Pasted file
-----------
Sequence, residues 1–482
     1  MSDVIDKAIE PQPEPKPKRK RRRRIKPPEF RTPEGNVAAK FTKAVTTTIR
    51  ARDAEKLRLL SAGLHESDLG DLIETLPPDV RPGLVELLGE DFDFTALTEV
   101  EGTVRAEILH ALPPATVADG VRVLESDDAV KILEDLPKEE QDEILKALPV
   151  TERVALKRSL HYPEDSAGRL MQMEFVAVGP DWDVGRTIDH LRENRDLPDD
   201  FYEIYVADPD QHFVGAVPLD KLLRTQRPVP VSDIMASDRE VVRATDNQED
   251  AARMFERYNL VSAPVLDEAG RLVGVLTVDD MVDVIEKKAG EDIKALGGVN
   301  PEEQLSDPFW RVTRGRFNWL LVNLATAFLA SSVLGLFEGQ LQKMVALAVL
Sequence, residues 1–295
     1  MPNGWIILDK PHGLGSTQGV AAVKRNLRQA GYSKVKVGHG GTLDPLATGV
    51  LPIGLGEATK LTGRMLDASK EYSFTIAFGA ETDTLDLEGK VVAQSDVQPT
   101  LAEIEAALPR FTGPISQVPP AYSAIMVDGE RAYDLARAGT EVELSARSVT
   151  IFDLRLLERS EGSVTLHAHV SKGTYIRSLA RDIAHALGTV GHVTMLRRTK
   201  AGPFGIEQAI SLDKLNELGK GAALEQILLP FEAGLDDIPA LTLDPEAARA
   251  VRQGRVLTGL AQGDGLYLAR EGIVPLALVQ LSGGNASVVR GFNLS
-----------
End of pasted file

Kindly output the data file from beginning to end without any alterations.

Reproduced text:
Sequence, residues 1–482
     1  MSDVIDKAIE PQPEPKPKRK RRRRIKPPEF RTPEGNVAAK FTKAVTTTIR
    51  ARDAEKLRLL SAGLHESDLG DLIETLPPDV RPGLVELLGE DFDFTALTEV
   101  EGTVRAEILH ALPPATVADG VRVLESDDAV KILEDLPKEE QDEILKALPV
   151  TERVALKRSL HYPEDSAGRL MQMEFVAVGP DWDVGRTIDH LRENRDLPDD
   201  FYEIYVADPD QHFVGAVPLD KLLRTQRPVP VSDIMASDRE VVRATDNQED
   251  AARMFERYNL VSAPVLDEAG RLVGVLTVDD MVDVIEKKAG EDIKALGGVN
   301  PEEQLSDPFW RVTRGRFNWL LVNLATAFLA SSVLGLFEGQ LQKMVALAVL
Sequence, residues 1–295
     1  MPNGWIILDK PHGLGSTQGV AAVKRNLRQA GYSKVKVGHG GTLDPLATGV
    51  LPIGLGEATK LTGRMLDASK EYSFTIAFGA ETDTLDLEGK VVAQSDVQPT
   101  LAEIEAALPR FTGPISQVPP AYSAIMVDGE RAYDLARAGT EVELSARSVT
   151  IFDLRLLERS EGSVTLHAHV SKGTYIRSLA RDIAHALGTV GHVTMLRRTK
   201  AGPFGIEQAI SLDKLNELGK GAALEQILLP FEAGLDDIPA LTLDPEAARA
   251  VRQGRVLTGL AQGDGLYLAR EGIVPLALVQ LSGGNASVVR GFNLS